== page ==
To the author’s best knowledge, this is the first study to provide empirical evidence of the mediating effect of self-confidence on the relationship between the TPB constructs and students’ EIs. Theoretically, the findings of this study lend credence to the applicability of the TPB in predicting students’ EIs across different contexts. More importantly, this study has modified the TPB by demonstrating that the effectiveness of the TPB constructs in influencing EIs depends on the degree of self-confidence that prospective entrepreneurs possess.

Details

Journal of Enterprising Communities: People and Places in the Global Economy, vol. 15 no. 3
Type: Research Article
ISSN: 1750-6204

Keywords

Article
Publication date: 29 September 2020

Innocent Otache, Dorcas Omanyo Oluwade and Ele-Ojo Jeremiah Idoko

Undergraduate students have two opposing employment intentions, viz. self-employment intentions and paid-employment intentions (SEIs and PEIs). While a plethora of studies…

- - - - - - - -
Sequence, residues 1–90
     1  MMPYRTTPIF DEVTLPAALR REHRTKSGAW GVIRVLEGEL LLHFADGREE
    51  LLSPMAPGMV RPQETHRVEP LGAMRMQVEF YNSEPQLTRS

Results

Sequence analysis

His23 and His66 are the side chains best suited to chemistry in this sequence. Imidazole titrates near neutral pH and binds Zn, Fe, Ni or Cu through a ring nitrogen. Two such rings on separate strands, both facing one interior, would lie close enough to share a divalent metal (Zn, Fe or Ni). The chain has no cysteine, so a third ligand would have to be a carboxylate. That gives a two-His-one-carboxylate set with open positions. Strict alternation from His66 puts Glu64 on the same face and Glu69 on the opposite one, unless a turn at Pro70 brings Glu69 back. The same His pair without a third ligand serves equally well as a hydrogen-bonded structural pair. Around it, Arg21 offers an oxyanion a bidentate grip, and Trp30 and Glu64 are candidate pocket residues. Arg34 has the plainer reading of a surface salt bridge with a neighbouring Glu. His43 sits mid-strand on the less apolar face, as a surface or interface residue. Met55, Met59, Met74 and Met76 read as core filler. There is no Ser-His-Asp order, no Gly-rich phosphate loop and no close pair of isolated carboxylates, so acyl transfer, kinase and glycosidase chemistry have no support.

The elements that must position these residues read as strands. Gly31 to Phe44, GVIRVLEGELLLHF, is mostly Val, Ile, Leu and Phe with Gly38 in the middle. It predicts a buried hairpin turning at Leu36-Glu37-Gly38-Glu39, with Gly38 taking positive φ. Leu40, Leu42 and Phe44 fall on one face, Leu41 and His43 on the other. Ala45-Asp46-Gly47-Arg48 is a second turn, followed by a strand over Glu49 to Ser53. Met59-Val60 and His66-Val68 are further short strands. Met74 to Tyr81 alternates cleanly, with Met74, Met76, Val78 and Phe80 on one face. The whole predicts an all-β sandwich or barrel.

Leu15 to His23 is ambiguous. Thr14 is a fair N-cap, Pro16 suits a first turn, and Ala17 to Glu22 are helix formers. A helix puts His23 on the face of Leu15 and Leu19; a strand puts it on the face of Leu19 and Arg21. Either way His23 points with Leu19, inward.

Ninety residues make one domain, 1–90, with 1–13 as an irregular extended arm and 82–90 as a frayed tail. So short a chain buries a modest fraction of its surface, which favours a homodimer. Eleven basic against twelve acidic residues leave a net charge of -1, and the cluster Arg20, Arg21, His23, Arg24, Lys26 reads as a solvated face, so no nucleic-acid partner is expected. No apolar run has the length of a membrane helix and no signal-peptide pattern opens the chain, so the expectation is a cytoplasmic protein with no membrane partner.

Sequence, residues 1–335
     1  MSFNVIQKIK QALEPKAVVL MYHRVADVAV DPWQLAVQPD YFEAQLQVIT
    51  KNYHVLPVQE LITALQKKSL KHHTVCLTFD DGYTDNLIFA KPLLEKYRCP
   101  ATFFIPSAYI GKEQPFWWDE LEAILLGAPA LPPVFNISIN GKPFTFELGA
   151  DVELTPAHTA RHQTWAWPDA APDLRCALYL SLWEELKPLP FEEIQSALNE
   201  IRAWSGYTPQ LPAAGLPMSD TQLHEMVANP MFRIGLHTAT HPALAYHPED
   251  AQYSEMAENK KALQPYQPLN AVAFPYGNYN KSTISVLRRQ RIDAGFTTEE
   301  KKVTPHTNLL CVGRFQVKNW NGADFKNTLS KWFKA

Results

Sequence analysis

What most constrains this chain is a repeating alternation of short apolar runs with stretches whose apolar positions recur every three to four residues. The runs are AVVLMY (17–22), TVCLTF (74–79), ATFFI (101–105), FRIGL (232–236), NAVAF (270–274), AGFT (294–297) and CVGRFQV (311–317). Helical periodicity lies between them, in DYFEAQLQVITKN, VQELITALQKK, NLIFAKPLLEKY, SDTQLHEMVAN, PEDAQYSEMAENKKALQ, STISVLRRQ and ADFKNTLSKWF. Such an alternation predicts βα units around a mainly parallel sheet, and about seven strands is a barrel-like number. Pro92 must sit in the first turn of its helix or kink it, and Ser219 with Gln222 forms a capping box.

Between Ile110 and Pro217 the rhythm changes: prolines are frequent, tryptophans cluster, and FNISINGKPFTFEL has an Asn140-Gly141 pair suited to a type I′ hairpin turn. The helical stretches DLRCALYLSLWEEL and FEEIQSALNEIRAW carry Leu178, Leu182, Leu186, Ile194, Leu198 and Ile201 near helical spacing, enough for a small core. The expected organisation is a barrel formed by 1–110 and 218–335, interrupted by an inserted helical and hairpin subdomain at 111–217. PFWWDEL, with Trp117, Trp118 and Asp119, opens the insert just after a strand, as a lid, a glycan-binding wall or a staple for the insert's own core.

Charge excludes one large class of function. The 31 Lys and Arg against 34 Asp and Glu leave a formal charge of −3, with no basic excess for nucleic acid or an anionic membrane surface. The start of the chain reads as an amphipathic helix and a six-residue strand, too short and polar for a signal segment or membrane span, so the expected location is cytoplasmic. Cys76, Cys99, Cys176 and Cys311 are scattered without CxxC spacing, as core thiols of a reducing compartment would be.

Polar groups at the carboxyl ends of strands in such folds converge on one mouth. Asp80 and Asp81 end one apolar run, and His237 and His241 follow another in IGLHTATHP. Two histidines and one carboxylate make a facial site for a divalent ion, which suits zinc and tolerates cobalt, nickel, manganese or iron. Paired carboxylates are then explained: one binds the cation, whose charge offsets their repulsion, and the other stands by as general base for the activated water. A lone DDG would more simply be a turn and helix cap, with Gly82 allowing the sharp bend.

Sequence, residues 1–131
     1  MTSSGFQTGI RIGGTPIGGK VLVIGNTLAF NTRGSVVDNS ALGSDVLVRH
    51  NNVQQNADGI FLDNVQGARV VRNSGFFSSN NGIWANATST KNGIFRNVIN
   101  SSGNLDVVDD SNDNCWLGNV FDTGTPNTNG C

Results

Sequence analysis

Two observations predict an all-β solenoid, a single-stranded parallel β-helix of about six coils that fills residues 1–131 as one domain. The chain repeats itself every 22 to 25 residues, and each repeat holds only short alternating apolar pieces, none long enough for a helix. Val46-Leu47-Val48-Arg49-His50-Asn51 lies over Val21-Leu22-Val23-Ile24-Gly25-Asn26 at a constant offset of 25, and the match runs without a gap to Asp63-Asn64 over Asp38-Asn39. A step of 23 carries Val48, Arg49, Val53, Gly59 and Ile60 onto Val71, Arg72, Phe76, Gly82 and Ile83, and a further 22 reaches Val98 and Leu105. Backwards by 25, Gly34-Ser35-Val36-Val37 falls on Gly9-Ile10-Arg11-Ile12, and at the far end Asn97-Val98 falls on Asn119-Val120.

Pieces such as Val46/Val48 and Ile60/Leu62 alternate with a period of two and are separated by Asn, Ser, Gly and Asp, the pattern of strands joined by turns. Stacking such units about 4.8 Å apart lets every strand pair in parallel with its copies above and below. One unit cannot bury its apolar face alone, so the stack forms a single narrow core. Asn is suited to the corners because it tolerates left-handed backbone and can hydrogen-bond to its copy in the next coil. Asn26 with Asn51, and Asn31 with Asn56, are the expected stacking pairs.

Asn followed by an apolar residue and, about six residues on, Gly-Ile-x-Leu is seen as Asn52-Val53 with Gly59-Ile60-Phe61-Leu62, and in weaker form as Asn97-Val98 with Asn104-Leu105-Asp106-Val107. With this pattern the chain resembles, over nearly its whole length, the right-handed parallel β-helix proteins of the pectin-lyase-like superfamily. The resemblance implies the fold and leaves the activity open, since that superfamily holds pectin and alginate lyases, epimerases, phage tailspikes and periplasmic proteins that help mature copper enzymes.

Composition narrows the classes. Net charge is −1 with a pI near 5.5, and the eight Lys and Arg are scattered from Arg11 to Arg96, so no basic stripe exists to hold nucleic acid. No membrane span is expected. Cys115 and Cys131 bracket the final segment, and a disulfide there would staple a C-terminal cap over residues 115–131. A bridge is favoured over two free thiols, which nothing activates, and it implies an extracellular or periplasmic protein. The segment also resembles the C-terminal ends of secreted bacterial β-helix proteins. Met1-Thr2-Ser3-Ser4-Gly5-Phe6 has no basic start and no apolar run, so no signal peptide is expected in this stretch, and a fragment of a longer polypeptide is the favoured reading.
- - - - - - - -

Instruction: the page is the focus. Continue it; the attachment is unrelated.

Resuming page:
Abstract

Purpose

Undergraduate students have two opposing employment intentions, viz. self-employment intentions and paid-employment intentions (SEIs and PEIs). While a plethora of studies have explored the links between entrepreneurship education (EE) and SEIs, it has been noted that previous studies have ignored the effects of PEIs on the relationship between EE and SEIs. The purpose of this study, therefore, is to empirically explore the effects of PEIs on the relationship between EE and SEIs.

Design/methodology/approach